Wyatt Employment Law Report

COVID-19 Changes to Health Insurance

By Sherry P. Porter

The Center for Medicare and Medicaid Services, the Department of Labor and the Department of Treasury issued joint guidance this week that will be helpful to employers that sponsor group health plans and insurers that provide health insurance coverage or provide third party administration services to group health plans.

Congress recently passed the Families First Coronavirus Relief Act and the Coronavirus Aid, Relief and Economic Security Act to help with various issues caused by the COVID-19 pandemic in the US.  These two laws required group health plans to provide first dollar coverage for COVID-19 testing without cost sharing, prior authorizations and medical management requirements.  As with any law, there were many questions that needed to be answered.  This guidance answers some of the open questions.

First, the guidance, in the form of questions and answers, clarifies that group health plans and group and individual health insurance are required to cover diagnostic testing and certain related items and services during a medical visit at no cost to the covered individual.  This includes urgent care visits, emergency room visits, in-person and telehealth visits with a doctor’s office that result in an order or administration of COVID-19 testing.  This requirement applies to fully insured plans, self-insured plans, private employer provided group health plans, state and local government group health plans, church plans and individual policies through the health insurance exchange or individual market. COVID-19 testing was further clarified to include all in vitro diagnostic tests authorized by the FDA, COVID-19 tests authorized on an emergency basis by the FDA and COVID-19 tests developed or authorized by states, as well as certain serological tests to determine antibodies.  This coverage is required for in network, as well as, out of network providers.

Q&A 5 clarifies that if a covered individual seeks medical care and the provider prescribes other tests (like influenza tests and blood tests) that are needed to determine the need for COVID-19 testing, those services need to be covered first dollar as well, if a COVID-19 test is ultimately ordered or administered. Employee assistance plans (EAPs) and employer on-site medical clinics may also cover these tests and not lose their excepted benefits status.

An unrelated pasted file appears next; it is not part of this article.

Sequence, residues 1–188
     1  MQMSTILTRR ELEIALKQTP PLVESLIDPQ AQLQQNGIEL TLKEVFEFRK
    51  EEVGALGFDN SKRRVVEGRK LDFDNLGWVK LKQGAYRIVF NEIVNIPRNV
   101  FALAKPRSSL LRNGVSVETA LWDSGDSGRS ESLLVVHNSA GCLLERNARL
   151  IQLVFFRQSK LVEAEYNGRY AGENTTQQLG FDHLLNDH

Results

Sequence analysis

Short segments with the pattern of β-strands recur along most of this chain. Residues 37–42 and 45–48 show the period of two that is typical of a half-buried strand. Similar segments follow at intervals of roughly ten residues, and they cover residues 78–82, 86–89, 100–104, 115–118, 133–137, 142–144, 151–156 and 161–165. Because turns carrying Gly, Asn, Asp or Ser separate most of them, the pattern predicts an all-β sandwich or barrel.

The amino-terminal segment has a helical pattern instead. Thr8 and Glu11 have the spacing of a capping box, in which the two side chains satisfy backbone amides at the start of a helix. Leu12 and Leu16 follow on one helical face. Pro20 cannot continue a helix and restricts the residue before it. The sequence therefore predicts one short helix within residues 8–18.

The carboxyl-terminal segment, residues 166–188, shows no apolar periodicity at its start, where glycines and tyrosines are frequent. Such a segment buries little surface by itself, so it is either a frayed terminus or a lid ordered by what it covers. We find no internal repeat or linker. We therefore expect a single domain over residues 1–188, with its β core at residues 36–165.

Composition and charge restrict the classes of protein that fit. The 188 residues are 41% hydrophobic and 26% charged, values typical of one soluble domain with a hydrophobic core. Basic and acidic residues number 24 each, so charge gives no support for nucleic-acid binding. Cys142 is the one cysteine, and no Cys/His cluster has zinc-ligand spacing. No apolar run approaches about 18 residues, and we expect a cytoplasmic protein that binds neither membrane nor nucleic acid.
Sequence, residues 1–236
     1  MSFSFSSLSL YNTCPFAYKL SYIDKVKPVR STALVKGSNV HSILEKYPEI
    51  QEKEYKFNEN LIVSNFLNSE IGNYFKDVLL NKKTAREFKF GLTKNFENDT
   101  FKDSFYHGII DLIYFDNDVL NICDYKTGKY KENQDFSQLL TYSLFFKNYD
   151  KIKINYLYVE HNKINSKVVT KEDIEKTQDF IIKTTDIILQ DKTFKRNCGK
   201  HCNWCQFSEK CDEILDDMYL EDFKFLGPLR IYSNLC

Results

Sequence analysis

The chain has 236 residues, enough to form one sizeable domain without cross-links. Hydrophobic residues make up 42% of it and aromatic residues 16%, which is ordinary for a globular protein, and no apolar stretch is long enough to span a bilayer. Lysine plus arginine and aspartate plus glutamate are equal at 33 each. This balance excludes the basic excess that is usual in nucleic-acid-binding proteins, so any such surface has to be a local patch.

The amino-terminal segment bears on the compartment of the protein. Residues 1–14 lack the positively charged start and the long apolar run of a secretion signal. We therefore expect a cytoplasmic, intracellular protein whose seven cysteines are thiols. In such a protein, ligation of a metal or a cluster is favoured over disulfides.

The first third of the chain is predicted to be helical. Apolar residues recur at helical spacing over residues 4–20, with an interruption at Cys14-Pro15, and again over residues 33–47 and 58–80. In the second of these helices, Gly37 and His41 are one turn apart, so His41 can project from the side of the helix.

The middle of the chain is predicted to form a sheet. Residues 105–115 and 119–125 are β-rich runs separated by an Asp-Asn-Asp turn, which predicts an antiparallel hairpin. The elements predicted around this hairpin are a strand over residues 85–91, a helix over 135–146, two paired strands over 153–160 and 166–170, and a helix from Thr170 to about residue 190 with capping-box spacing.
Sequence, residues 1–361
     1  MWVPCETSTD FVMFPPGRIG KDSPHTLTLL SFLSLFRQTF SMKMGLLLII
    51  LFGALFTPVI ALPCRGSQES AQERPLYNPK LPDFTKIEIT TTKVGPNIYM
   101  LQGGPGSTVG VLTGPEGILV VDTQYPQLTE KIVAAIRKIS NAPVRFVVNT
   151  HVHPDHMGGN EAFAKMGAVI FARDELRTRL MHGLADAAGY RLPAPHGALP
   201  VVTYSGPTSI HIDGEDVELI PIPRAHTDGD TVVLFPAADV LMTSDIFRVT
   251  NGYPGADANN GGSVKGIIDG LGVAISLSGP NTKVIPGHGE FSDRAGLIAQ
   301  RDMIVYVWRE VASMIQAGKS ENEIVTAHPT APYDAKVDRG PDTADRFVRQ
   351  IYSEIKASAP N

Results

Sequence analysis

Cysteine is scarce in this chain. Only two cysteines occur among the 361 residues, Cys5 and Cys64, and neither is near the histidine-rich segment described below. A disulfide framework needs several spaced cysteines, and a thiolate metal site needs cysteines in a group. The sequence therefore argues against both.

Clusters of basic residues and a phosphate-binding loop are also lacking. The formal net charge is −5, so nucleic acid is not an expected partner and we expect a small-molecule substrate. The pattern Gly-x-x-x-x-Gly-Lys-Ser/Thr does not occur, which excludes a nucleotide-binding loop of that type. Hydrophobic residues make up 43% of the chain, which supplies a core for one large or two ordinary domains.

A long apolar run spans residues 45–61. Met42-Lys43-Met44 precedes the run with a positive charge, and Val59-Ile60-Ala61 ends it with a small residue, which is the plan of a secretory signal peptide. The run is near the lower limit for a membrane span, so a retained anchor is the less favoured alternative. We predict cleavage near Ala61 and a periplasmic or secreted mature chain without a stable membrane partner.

Plan sponsors will still need to notify plan participants/covered individuals of this change in coverage but the guidance reflects loosened standards.  Instead of being required to provide sixty (60) days’ prior notice, no enforcement action will be taken if the notice is given as soon as reasonably practicable.  However, so long as the public health emergency related to COVID-19 exists, the departments will take enforcement action if the plan or issuer tries to limit or eliminate other benefits or increase cost sharing to offset the increased costs of the COVID-19 coverage.  So, step cautiously as you implement these changes so that you do not make other changes that could run afoul of these rules.

The new law and the guidance encourage more telehealth.  There is a safe harbor for high deductible health plans (HDHP) with HSAs.  Under prior law, if an individual has an HSA with a HDHP, s/he could not have any other coverage until the deductible had been met.  Now, covering telehealth without a deductible or below the regular deductible is permissible as of March 27 and applicable to plan years beginning on or before December 31, 2021.  Note that this is NOT limited to COVID-19 related telehealth and other remote care services in an effort to minimize the risk of exposure and community spread of COVID-19. If your company sponsors a group health plan, you will need to consult with your insurer to make sure your plan is amended to comply with the new laws and that appropriate communications are made in a timely manner to plan participants.

Although this update may be helpful in informing clients and others who have an interest in the subject matter, it is not intended to be legal advice. This subject matter is often complex and how it applies to any particular individual or organization may vary significantly depending on specific facts and situations. Readers should not rely on information in this update as a substitute for competent legal advice that is specific to the circumstances of the reader. The information provided herein also should not be relied upon to form an attorney-client relationship. Lawyers who contribute content to this update do not seek to practice in jurisdictions in which they are not properly permitted to do so.  Legal services may be performed by lawyers other than the lawyers contributing content to this update.

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